You are here: Home » News-ANI » Science
Business Standard

Plant scraps key component in making cheap, sustainable jet fuel

ANI 

Researchers in have found a way to convert plant waste from agriculture and timber into high-density aviation fuel.

The research was published in the journal of Joule. The researchers found that this type of jet fuel would help in reducing Carbon Dioxide discharge from airplanes and rockets.

Cellulose is the main component in the It is a cheap, renewable, and highly abundant polymer that forms the cell walls of plants. While chain alkanes (such as branched octane, dodecane, and hexadecane) have previously been derived from cellulose for use in jet fuel, the researchers believe this is the first study to produce more complex polycycloalkane compounds that can be used as high-density aviation fuel.

"Our is important for mitigating CO2 emissions because it is derived from biomass and it has higher density compared with conventional aviation As we know, the utilization of high-density aviation fuel can significantly increase the range and payload of aircraft without changing the volume of in the tank," said the lead author,

To produce this the researchers found that cellulose can be selectively converted into hexanedione. They then developed a method of separating the compound. Much of the biofuel's magic lies in this high density; it can be used as either a wholesale replacement fuel or as an additive to improve the efficiency of other jet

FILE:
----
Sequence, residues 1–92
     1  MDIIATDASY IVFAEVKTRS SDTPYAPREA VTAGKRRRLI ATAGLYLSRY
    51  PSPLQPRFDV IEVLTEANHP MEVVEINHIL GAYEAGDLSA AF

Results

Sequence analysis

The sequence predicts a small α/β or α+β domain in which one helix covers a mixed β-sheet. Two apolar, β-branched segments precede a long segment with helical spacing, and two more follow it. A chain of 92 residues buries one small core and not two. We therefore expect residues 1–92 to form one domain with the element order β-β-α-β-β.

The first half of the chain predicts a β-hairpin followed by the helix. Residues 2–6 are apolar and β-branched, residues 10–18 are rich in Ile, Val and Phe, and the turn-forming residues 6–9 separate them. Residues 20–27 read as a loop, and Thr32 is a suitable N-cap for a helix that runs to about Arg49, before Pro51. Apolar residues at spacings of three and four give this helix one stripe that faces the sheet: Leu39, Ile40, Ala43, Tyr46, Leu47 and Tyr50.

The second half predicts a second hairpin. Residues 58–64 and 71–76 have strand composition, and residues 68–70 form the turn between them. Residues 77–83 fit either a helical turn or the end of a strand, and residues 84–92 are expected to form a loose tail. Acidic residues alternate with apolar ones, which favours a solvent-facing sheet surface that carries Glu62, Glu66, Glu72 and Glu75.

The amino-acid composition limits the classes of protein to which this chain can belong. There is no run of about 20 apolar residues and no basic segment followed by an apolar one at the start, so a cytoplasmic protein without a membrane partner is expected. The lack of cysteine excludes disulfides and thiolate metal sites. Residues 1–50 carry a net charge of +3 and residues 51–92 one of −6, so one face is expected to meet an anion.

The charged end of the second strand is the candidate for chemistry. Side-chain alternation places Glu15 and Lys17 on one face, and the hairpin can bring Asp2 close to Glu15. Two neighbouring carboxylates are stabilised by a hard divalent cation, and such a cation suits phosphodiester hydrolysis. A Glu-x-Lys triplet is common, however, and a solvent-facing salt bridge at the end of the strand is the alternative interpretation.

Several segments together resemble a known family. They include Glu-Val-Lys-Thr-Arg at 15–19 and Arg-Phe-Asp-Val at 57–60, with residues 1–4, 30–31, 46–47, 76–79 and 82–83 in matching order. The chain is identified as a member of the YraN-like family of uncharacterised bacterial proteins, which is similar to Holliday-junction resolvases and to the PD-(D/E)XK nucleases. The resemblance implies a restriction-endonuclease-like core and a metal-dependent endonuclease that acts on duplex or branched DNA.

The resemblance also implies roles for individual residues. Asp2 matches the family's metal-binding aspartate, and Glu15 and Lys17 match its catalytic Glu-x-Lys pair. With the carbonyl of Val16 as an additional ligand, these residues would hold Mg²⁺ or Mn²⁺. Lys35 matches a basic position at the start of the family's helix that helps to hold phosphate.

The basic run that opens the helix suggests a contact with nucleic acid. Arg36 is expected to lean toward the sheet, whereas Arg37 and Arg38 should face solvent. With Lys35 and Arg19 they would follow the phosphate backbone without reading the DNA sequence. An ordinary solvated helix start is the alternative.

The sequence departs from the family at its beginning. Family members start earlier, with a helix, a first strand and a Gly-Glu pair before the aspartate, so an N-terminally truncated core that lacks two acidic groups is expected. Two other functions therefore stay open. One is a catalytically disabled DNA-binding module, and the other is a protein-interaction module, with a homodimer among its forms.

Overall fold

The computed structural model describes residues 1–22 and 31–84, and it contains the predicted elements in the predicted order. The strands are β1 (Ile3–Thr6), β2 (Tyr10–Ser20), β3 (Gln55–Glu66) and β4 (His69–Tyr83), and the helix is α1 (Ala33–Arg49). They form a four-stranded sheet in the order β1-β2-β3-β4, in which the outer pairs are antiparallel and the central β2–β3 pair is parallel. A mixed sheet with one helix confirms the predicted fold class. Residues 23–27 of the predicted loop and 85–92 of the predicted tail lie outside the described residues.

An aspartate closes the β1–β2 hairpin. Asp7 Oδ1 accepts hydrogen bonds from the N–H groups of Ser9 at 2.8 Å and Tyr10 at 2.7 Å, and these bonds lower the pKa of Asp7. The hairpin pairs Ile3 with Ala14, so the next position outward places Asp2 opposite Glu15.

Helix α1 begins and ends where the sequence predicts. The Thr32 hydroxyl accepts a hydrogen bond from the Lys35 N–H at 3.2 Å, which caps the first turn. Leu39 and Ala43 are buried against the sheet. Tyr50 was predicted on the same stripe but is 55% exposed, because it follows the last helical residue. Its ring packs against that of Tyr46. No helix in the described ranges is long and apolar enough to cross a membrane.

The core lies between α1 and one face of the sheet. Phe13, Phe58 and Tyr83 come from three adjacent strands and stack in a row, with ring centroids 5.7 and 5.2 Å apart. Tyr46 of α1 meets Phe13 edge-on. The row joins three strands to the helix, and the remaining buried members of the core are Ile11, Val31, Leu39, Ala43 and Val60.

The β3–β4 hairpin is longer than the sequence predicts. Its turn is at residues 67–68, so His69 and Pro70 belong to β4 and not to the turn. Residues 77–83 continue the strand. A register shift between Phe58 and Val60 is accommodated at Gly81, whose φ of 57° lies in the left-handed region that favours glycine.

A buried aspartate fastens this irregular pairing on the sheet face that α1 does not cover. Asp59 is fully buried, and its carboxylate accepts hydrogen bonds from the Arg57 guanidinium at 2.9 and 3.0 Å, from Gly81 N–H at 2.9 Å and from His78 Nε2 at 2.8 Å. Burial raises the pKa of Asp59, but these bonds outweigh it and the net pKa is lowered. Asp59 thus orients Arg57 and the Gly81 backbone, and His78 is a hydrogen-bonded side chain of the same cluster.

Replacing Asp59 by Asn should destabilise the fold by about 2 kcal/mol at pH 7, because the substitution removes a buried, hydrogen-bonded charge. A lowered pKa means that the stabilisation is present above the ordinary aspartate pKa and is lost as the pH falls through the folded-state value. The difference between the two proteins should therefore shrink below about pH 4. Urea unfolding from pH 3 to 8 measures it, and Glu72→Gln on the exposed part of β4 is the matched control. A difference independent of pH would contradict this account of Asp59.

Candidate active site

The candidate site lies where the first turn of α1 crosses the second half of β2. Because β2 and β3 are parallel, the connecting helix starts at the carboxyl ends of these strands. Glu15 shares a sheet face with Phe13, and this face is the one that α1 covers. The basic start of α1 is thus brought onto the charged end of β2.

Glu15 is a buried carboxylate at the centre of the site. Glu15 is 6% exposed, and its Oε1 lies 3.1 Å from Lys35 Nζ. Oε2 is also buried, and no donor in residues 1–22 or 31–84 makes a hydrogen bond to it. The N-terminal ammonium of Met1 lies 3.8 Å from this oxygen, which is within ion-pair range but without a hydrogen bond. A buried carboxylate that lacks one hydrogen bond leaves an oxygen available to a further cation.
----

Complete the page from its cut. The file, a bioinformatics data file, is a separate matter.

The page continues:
"The aircrafts using this fuel can fly farther and carry more than those using conventional jet fuel, which can decrease the flight number and decrease the CO2 emissions during the taking off or launching and landing," said Li.

Although the researchers produced the biofuel at a laboratory scale in this study, they believe that the process' cheap, abundant cellulose feedstock, fewer production steps, and lower cost and consumption mean it will soon be ready for commercial use. They also predict it will yield higher profits than conventional aviation fuel production because it requires lower costs to produce a higher-density fuel. The biggest issue holding the process back is its use of dichloromethane to break down cellulose into 2,5-hexanedione; the compound is traditionally used as a solvent in and is considered an environmental and health hazard.

The researchers believe that this is the breakthrough that will be instrumental in helping the aviation industry go green.

(This story has not been edited by Business Standard staff and is auto-generated from a syndicated feed.)

First Published: Sat, March 23 2019. 14:44 IST
RECOMMENDED FOR YOU
RECOMMENDED FOR YOU